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Bioinformatics Forum: MicroRNAs: from Targets to Function
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Doron Betel (Memorial Sloan-Kettering Cancer Center, N.Y.)
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Wednesday, 17.12.2008, 13:30
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Taub 701
Small regulatory RNAs are a class of non-coding RNAs that are primarily involved in post-transcriptional gene silencing. The principle members of this growing class are microRNAs and small interfering RNAs (siRNAs) which guide a silencing complex to an mRNA target by base pairing at the 3 untranslated region (3UTR).

In recent years, microRNAs have emerged as a major class of regulatory genes central to a wide range of cellular activities, and their importance is underscored by their evolutionary conservation in most of metazoan and plant species. A central and ongoing computational challenge is the accurate prediction of the mRNA targets of a microRNA.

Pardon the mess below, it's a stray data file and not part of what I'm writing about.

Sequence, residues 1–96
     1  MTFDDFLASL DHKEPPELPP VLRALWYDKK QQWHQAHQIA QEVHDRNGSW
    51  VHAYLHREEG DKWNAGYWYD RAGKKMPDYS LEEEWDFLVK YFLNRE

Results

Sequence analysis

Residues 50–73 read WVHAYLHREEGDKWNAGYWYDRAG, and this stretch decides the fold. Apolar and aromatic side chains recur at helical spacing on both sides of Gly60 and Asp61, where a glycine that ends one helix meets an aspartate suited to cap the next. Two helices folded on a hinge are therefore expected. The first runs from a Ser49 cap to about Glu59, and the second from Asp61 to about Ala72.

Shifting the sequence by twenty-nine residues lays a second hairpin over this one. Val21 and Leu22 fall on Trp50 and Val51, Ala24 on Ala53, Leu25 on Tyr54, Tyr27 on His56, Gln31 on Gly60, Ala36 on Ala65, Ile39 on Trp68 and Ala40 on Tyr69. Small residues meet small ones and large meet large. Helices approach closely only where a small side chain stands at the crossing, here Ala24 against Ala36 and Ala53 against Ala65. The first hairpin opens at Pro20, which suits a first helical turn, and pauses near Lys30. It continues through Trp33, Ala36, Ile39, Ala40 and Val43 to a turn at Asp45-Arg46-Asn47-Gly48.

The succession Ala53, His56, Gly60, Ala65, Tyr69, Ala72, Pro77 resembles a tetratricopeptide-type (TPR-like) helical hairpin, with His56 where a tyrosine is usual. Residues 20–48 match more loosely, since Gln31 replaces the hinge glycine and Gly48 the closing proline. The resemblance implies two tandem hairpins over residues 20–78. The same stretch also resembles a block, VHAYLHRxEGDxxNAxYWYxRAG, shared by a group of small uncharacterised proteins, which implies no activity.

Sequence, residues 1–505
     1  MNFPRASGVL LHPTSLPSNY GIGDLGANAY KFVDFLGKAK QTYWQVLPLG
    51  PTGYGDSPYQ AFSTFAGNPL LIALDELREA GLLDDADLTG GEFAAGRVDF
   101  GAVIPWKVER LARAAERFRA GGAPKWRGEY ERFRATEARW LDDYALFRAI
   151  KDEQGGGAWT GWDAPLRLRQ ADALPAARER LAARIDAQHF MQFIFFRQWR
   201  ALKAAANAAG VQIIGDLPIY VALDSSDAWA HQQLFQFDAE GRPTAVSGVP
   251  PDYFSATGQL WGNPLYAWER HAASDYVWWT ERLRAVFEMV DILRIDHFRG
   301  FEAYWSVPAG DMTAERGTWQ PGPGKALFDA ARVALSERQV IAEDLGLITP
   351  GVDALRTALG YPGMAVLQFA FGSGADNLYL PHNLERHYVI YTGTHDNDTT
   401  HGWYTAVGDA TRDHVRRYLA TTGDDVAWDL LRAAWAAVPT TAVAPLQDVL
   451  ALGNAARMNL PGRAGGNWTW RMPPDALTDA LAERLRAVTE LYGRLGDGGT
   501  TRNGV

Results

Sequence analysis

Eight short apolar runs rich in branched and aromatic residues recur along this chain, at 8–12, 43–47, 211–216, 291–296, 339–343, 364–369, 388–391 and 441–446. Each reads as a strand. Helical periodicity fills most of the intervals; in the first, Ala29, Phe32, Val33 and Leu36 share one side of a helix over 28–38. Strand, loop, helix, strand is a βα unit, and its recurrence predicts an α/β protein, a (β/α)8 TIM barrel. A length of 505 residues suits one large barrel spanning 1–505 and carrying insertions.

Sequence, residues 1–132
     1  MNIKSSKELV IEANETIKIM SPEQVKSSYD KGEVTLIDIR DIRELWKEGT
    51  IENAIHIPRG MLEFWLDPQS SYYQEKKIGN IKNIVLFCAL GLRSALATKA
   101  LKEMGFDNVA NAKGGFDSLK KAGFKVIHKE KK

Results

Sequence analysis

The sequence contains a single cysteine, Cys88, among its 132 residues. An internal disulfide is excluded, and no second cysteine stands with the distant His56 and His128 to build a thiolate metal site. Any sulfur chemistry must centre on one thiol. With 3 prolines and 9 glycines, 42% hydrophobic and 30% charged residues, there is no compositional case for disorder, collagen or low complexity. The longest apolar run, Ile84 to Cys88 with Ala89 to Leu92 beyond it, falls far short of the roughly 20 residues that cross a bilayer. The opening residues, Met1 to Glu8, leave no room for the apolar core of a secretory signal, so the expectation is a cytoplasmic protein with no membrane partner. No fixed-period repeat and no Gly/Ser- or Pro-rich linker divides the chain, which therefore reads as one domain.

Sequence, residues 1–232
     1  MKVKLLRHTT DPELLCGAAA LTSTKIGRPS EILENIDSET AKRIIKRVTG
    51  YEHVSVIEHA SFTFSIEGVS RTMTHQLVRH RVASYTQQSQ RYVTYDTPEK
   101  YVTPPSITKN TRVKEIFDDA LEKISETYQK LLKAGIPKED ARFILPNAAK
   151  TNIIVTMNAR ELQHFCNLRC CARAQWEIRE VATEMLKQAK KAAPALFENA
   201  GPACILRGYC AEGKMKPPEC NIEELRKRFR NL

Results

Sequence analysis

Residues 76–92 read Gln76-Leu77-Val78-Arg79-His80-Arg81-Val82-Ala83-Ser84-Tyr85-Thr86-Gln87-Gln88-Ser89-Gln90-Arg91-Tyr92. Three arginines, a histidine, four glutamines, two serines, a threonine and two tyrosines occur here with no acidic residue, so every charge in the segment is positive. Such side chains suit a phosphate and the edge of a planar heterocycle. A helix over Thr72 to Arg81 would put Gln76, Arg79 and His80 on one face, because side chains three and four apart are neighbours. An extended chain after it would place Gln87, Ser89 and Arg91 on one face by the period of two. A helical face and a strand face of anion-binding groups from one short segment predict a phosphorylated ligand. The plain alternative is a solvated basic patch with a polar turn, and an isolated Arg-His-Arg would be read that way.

Target specificity of a microRNA is not conditioned on perfect complementarity to the target mRNA, although a (near) perfect base- pairing in the 5end of the microRNA (positions 2-8), termed the seed region, is a primary determinant of target recognition. However, seed region complementarity alone is a poor predictor suggesting that additional factors are involved in microRNA mediated regulation.

In the first part of this talk I will present a supervised learning strategy for ranking microRNA target sites. We trained a support vector regression model to rank predicted target sites, which are represented by a set of features that include the base-pairing configurations of the predicted target site duplex along with additional sequence and context information. We tested the model on a number of test sets and show that it significantly improves upon leading microRNA target prediction programs.

In the second part of this talk, I will present recent collaborative work in studying microRNA function in stem cell differentiation and in long-term synaptic plasticity.
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